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• Tea is an aromatic beverage prepared by adding
cured leaves of the Camellia Sinesis plant to hot
• The term also refers to the plant itself.
• After water, tea is the most widely consumed
beverage in the world. It has a cooling, slightly
bitter, astringent flavour which many enjoy.
ORIGIN & HISTORY
Before we proceed lets learn some thing
interesting about the history and origin
of this wonderful herb called tea.
Story of tea began in ancient China over
5,000 years ago. According to
legend, the Shen Nong, an early emperor
was a skilled ruler, creative
scientist, and patron of the arts.
His far-sighted edicts required, among
One summer day while visiting a
distant region of his realm, he and the
court stopped to rest. In accordance
with his ruling, the servants began to
boil water for the court to drink.
Dried leaves from the near by bush
fell into the boiling water, and a brown
liquid was infused into the water.
As a scientist, the Emperor was
interested in the new liquid, drank
some, and found it very refreshing.
Therefore, according to legend, tea
History Of Tea In India
• As we have already seen tea likely originated in China as a
medicinal drink and was first introduced during the 16th
century. Drinking tea became popular in Britain during the
17th century. The British introduced it to India, in order to
compete with the Chinese monopoly on the product.
Maniram Dewan (1806-1858) was the first Indian tea planter.
• The tea cultivation begun there [India] in the nineteenth
century by the British, however, has accelerated to the point
that today India is listed as the world's leading producer, its
715,000 tons well ahead of China's 540,000 tons, and of
course, the teas of Assam, Ceylon (now Sri Lanka ), and
Darjeeling are world famous.
Tea Producing States in India
• The major tea-producing states in India are :
The major tea production that takes place in our country, comes from the states: Assam, West
Pradesh, Himachal, Nagaland, Sikkim, Uttarakhand, Manipur, Mizoram, Meghalaya, Bihar and Odisha.
• Tea requires a moderately hot and humid climate. Climate influences yield, crop
distribution and quality.
• Climatic factors
- Rainfall: Distribution of rainfall matters a lot for sustained high yield of tea throughout the
season. In the North East India, the rainfall distribution is not even. The excess rainfall in the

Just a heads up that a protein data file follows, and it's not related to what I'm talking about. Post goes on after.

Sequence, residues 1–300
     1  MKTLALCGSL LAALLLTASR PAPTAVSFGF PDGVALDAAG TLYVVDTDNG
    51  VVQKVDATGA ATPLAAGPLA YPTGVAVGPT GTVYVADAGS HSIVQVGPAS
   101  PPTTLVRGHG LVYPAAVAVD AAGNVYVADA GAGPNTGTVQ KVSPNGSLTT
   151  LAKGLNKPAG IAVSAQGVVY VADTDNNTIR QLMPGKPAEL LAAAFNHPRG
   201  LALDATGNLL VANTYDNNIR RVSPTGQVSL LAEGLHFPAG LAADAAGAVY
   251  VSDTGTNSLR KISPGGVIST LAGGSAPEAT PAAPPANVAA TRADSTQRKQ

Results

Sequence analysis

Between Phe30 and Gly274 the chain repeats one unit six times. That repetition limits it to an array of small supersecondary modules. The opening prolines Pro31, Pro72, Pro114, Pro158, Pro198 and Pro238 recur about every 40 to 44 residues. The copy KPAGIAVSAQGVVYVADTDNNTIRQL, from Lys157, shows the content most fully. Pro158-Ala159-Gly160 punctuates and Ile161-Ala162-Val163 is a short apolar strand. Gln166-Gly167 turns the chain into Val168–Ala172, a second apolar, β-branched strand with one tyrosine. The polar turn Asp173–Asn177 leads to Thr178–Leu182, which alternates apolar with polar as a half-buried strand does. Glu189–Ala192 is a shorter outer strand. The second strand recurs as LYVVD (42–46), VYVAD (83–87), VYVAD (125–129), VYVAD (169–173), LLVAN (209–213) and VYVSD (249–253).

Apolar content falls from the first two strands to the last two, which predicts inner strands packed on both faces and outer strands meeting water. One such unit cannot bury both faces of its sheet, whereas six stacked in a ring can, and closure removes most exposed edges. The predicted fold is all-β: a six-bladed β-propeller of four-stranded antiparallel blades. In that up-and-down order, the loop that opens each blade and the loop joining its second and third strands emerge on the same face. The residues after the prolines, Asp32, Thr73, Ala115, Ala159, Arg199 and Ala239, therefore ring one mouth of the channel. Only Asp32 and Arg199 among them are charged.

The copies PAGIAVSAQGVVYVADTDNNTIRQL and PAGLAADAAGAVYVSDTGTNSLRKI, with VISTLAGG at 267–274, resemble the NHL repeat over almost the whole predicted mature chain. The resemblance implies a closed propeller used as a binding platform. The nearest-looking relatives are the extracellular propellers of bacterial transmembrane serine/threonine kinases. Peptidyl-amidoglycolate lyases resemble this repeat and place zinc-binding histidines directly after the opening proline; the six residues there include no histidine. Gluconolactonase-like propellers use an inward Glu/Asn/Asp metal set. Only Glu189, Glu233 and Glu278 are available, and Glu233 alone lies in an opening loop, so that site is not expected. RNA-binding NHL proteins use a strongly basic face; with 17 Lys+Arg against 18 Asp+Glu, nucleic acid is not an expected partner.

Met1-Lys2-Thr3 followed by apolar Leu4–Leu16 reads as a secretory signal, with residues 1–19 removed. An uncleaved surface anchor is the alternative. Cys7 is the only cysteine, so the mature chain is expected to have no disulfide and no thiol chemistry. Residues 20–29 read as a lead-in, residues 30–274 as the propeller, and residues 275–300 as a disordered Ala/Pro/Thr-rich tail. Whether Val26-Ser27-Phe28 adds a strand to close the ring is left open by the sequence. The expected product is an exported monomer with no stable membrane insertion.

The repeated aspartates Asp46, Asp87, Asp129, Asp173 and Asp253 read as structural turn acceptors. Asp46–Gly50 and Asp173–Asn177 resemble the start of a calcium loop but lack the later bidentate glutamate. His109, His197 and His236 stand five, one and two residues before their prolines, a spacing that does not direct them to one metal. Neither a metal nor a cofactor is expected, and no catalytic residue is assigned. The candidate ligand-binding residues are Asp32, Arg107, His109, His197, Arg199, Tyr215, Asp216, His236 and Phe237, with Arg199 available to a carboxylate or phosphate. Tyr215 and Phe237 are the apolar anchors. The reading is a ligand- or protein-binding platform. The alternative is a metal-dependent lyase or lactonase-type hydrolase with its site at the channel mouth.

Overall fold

monsoon months causes drainage problems. If this dry spell persists for a longer period, tea
plants suffer heavily and crop goes down in spite of having sufficient rainfall in the monsoons.
Thus, adequate rainfall during winter and early spring is crucial for high yield.
-Tea grows well on high land well drained soils having a good depth. Shallow and compacted subsoils limit root growth. Tea plants growing on such soils are liable to suffer from draught during
dry period and water logging during the rainy months. The depth of ground water table should
not be less than 90 cm for good growth of tea.
TEA IS AN EVERGREEN SHRUB WHICH CAN GROW UP TO 17M
IT IS USUALLY KEPT BELOW 2M HIGH.
•Tea leaves and flushes• terminal bud and
•two young leaves,
•Camellia sinensis bushes
• early spring and
•early summer or late spring.
2. Withering/ Wilting:
•gradual onset of enzymatic oxidation.
•used to remove excess water from the leaves and
allows a very slight amount of oxidation.
•put under the sun o
• left in a cool breezy room to pull moisture out from
or "leaf maceration“
• the tea leaves are bruised or torn
•lightly bruised on their edges
•by shaking and tossing in a•bamboo tray or
•tumbling in baskets.
4. Oxidation / Fermentation:
•leaves are left on their own in a climate-controlled room
•they turn progressively darker.
•this is accompanied by agitation in some cases.
•the chlorophyll in the leaves is enzymatically broken down.
5.Fixation / Kill-green:
•done to stop the tea leaf oxidation
•moderately heating tea leaves
•deactivating their oxidative
•removing unwanted scents in the
• without damaging the flavour of
6. Sweltering / Yellowing:
Unique to yellow teas
• warm and damp tea leaves from after kill-green
•allowed to be lightly heated in a closed container
•which causes the previously green leaves to turn yellow.
7. Rolling / Shaping:
•The damp tea leaves are then rolled to be
formed into wrinkled strips
• or using a rolling machine which causes the
tea to wrap around itself.
•This rolling action also causes some of the
sap, essential oils, and juices inside the leaves
to ooze out
• further enhances the taste of the tea
•Drying is done to "finish" the tea
• This can be done in different
ways includingA. panning
C. air drying
D. baking- baking is usually the
9. Aging / Curing:
•some teas required additional aging
•secondary fermentation, or baking to reach their drinking
•flavoured teas are manufactured in this stage
4. Use fresh water. Stale water makes
5. Make sure you warm your tea pot before
adding hot water and tea leaves.
6. Steep the tea in water that is neither
under boiled nor over boiled.
7. Use one teaspoon teabag of tea per
person and one extra for the pot.
8. Let the tea infuse for the right
amount of time.
9. Use teapots made of
Earthenware, Stainless Steel and China.
Avoid ones made of Tin.
10. Don’t add milk to the tea too soon. Wait
for the last possible minute.
First of all, one should use Indian or Ceylonese tea
Secondly, tea should be made in small quantities
Thirdly, the pot should be warmed beforehand.
Fourthly, the tea should be strong.
Fifthly, the tea should be put straight into the pot
Sixthly, one should take the teapot to the kettle and not the other way
Seventhly, after making the tea, one should stir it, or better, give the pot a
Eighthly, one should drink out of a good breakfast cup
Ninthly, one should pour the cream off the milk before using it for tea.
Tenthly, one should pour tea into the cup first
Lastly, tea — unless one is drinking it in the Russian style — should be
drunk without sugar